44 years ago today Woodstock happened. Officially billed as the Woodstock Music & Art Fair: An Aquarian Exposition: 3 Days of Peace & Music, this now historic cultural marker was captured in all its beauty and ugliness in Michael Wadleigh’s iconic documentary. This film provides us with much of the iconic music and imagery of a troubled decade that gifted us with a canon of brilliant music and divided us in turbulent political unrest. Woodstock, both the festival and film, captures the end of decade and a profound cultural shift in America.
I could recite for you here a brief list of facts, figures, and performers from the festival and film, but you can also look that up on Wikipedia. What still excites me about Woodstock is the music. Countless bands gave their defining performances. Established bands secured their place in rock history and unknown bands became superstars. So I went to Freegal, the library’s free and legal music downloading service and compiled a playlist of my favorite songs from the festival. I’ll post my list here and if anyone wants to put together their own Woodstock playlist, go ahead and post it in the comments; the combinations are endless. Here’s my list in the festival’s chronological order:
- Tim Hardin – Simple Song of Freedom
- Arlo Guthrie – Coming Into Los Angeles
- Joan Baez – Sweet Sir Galahad
- Country Joe McDonald – Feel Like I’m Fixin’ to Die Rag
- Santana – Soul Sacrifice
- Mountain – For Yasgur’s Farm
- Janis Joplin – Piece of My Heart
- Sly & the Family Stone – Dance to the Music
- Jefferson Airplane – Plastic Fantastic Lover
- Johnny Winter – Tobacco Road
- Jimi Hendrix – The Star-Spangled Banner
Hendrix’s performance is the image that has constantly flashed in and out of my consciousness for the last 40 or so years. Insisting that he close the show, the peak crowd of 400,000 had, due to torrential rain and lack of adequate food, shelter, and bathrooms, dwindled to 30,000 by the time Hendrix took the stage at 9:00 Monday morning. In the film, masterfully edited by then-unknown Martin Scorcese, Jimi’s set cuts between the guitarist, regaled in blue velvet pants, red headband, and an elaborately beaded and fringed white leather jacket (his own embodiment of the red, white and blue), playing his you-know-what off, and two young men sitting in the mud, sharing what’s left of a watermelon with their dirty bare hands and a pocketknife, nearly oblivious to Hendrix’s exquisite playing as he transitions from the Star-Spangled Banner into Purple Haze. Hendrix’s deconstruction and reconstruction of the National Anthem, juxtaposed against the filth, hunger and exhaustion of two concert-goers, is continually revelatory. No matter how many times I watch Woodstock’s final performance, I still get chills as I am again reminded that the zeitgeist of the 1950’s has been fully put to rest. Hello 1970’s.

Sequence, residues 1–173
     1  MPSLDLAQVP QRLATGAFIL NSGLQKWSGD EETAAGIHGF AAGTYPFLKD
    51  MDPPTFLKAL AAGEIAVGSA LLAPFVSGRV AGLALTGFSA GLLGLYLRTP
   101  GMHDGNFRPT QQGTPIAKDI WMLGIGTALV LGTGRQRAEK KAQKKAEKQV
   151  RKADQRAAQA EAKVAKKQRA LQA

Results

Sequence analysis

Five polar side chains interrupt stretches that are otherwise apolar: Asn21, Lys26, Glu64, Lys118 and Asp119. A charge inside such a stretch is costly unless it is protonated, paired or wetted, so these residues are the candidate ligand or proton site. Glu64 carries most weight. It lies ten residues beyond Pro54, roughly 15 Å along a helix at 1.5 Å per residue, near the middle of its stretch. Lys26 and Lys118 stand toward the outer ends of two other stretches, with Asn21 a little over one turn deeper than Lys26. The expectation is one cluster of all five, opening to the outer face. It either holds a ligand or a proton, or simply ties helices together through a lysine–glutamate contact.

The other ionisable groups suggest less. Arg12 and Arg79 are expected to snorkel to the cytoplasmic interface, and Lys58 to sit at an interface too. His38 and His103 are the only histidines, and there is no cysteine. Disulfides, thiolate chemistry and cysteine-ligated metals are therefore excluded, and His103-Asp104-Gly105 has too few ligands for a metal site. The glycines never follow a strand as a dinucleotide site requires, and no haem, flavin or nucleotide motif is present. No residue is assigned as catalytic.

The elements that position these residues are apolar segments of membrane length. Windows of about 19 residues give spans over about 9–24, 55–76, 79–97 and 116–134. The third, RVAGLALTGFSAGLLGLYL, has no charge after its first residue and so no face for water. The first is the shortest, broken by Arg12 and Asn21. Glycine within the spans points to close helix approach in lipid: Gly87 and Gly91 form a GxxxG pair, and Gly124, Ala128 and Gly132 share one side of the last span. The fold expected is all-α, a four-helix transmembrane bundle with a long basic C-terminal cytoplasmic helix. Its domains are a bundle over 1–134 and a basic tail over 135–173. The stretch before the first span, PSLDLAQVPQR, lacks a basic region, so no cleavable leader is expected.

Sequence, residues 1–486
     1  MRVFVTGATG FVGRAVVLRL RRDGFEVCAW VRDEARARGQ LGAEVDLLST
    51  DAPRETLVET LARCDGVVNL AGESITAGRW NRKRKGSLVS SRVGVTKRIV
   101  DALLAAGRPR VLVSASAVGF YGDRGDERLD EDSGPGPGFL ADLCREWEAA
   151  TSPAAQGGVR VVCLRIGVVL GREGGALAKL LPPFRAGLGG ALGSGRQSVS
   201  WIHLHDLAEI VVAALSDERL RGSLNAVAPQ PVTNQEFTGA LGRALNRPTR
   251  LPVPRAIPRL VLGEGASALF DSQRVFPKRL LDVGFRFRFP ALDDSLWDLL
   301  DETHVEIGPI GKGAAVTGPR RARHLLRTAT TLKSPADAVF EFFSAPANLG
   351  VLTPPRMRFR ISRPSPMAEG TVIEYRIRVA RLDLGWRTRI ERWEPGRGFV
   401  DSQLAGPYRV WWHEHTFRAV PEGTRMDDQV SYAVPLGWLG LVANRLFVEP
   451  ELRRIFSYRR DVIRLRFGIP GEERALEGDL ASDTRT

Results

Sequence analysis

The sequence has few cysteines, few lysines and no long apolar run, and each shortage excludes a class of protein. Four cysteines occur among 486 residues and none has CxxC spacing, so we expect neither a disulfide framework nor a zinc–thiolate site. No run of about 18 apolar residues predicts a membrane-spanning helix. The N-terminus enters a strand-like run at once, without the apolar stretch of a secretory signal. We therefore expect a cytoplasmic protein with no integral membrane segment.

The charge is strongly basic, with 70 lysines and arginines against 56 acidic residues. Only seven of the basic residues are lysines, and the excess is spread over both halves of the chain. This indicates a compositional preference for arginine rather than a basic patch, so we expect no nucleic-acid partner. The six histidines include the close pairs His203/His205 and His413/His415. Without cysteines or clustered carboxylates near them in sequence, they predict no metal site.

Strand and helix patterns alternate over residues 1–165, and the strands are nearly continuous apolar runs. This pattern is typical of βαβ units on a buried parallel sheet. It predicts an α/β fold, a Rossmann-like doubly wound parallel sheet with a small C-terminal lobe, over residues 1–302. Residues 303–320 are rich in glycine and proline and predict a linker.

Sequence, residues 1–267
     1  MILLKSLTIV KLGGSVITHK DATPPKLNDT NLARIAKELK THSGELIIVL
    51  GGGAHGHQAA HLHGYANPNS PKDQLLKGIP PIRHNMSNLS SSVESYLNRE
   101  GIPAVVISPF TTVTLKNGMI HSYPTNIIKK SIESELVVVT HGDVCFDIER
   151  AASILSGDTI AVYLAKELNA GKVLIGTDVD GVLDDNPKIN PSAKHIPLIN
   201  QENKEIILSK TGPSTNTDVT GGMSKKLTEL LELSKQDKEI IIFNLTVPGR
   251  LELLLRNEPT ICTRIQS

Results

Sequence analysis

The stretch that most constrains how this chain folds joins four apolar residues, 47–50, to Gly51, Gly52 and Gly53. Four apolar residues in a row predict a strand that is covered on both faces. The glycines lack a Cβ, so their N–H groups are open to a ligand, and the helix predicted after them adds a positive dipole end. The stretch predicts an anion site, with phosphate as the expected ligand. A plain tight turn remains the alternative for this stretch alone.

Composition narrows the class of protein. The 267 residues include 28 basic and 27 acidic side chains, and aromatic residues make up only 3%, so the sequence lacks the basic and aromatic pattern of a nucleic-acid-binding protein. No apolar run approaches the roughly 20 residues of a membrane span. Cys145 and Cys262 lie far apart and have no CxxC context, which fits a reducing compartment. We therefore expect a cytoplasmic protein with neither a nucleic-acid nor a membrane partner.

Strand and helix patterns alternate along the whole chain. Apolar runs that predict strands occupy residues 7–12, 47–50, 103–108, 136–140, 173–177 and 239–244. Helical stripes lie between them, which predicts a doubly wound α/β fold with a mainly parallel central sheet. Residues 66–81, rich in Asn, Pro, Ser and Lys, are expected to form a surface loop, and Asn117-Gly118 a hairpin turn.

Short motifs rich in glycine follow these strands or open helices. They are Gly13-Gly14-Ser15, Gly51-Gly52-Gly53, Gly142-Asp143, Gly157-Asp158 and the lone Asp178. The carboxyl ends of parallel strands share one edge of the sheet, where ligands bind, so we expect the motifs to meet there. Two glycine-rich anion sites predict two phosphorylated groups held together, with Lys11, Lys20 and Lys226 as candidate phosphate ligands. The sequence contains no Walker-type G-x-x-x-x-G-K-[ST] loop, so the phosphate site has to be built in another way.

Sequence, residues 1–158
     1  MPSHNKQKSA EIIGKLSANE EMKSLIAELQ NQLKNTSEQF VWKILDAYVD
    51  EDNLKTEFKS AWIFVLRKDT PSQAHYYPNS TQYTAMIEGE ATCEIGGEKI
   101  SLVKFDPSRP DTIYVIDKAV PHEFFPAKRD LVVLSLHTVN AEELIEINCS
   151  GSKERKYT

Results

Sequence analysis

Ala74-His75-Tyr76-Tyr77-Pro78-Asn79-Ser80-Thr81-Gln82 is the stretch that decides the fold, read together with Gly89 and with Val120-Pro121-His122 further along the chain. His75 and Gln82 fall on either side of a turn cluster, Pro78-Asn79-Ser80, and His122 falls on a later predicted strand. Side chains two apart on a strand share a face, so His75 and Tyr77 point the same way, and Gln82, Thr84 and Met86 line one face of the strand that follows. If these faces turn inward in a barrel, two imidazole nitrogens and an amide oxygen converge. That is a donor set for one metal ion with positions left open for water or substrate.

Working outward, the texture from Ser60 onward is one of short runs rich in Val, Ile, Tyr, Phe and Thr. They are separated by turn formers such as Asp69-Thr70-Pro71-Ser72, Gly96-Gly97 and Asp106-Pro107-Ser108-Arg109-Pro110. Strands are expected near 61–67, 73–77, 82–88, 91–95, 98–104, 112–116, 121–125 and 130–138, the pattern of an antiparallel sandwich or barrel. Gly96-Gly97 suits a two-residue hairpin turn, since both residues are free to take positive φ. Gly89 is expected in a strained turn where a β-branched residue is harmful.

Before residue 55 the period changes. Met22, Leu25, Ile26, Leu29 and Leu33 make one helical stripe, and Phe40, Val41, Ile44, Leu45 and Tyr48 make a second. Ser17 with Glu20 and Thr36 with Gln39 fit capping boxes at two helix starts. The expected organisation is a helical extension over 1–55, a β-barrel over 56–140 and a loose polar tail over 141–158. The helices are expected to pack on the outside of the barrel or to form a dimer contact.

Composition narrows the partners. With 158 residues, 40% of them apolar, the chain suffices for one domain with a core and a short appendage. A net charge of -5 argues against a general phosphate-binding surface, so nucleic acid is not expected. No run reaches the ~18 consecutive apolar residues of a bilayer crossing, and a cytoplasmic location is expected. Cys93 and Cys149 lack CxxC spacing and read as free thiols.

I will leave you with some little known facts about about the legendary “aquarian exposition.” Joni Mitchell passed up the opportunity to perform because she wanted to make her national television debut on the Dick Cavett Show. The helicopter carrying Graham Nash nearly crashed. The man cleaning the porta-potties sued the filmmakers for invasion of privacy. Only three women performed solo sets — Joan Baez, Melanie and Janis Joplin. Then unknown, Santana only performed because they won a coin toss; their performance catapulted them to mega-stardom. It was only the second concert ever for Crosby, Stills, Nash & Young. And truth be told, their performance (sans Young who only participated in two songs) of Suite: Judy Blue Eyes is my favorite performance in the film.